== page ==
A new study published by the European Commission Joint Research Centre (JRC) has found that music sales may not be affected by music piracy after all.
The study conducted by the JRC's Institute for Prospective Technological Studies says that making illegal music downloads unavailable will in most cases not lead to the same user to buy the music legally, which goes against the assertions made by the music industry.
The music industry, expectedly, rejected the study by saying it is "flawed and misleading".
The study looked at the behaviour of 16,000 European citizens over the course of a year, trying to find a correlation between piracy and sales. But what they found could turn commonly held believes about piracy on its head.
"It seems that the majority of the music that is consumed illegally by the individuals in our sample would not have been purchased if illegal downloading websites were not available to them," the study concluded.
"Although there is trespassing of private property rights (copyrights), there is unlikely to be much harm done on digital music revenues," the study's report said in addition.
More controversially, the study also found some interesting positive correlations between piracy and music sales. For every ten percent increase in visits to illegal music websites, the study actually found a two percent rise in music sales, and up to four percent in UK and France. "clicks on legal purchase websites would have been two percent lower in the absence of illegal downloading activities," the study found.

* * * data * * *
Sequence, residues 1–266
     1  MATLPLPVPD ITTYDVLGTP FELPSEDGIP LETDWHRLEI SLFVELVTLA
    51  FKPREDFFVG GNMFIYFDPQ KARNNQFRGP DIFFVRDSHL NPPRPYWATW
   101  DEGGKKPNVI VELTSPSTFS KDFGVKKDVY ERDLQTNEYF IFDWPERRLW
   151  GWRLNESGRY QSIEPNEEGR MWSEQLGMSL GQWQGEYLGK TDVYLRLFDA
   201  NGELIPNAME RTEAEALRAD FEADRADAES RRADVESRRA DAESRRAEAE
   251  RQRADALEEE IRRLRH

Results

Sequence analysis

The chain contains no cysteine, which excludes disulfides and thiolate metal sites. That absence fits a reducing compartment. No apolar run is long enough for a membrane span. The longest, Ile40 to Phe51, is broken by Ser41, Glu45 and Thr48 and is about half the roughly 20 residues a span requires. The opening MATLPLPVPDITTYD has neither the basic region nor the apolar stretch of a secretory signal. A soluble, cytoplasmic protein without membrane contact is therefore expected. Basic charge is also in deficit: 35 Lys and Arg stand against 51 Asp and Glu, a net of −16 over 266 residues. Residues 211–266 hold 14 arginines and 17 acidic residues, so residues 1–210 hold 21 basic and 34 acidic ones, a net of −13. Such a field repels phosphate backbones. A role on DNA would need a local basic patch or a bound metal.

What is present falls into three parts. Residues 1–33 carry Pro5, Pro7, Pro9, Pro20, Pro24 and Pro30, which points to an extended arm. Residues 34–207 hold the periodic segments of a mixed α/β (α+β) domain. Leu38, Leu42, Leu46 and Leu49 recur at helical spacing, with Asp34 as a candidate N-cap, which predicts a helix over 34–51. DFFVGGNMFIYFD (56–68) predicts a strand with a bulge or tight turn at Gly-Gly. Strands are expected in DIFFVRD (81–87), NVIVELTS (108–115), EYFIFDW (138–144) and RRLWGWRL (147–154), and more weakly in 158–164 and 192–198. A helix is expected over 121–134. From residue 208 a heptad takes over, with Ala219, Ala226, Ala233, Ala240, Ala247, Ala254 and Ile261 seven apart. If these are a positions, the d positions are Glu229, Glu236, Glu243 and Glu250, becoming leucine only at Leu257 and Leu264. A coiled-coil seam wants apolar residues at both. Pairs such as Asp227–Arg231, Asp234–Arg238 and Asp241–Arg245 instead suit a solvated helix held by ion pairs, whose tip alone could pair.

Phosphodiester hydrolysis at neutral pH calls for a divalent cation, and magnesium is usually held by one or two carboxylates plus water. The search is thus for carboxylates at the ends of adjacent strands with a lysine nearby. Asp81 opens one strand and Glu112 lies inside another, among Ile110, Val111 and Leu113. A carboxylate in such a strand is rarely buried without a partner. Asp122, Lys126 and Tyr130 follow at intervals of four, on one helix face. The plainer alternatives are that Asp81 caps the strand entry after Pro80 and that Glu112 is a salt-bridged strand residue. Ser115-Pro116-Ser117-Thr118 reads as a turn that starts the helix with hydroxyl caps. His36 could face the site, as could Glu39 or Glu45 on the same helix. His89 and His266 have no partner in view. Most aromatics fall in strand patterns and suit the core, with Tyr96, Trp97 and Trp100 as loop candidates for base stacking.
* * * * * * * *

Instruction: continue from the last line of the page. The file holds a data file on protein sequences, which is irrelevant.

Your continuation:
And the increasing popularity of legal streaming sites also seems to be helping with music sales. "According to our results, a 10% increase in clicks on legal streaming websites lead to up to a 0.7% increase in clicks on legal digital purchases websites," the report said.
But the IFPI, a trade group that represents the recording industry worldwide, rejected the study outright. It said that the findings of the study "disconnected from commercial reality", and that the Nielsen Netview data used did not accurately measure actual music transactions, merely visits to legal outlets.
The IFPI also criticized the report for not taking into account physical music sales, which has been on a steady decline since the introduction of digital music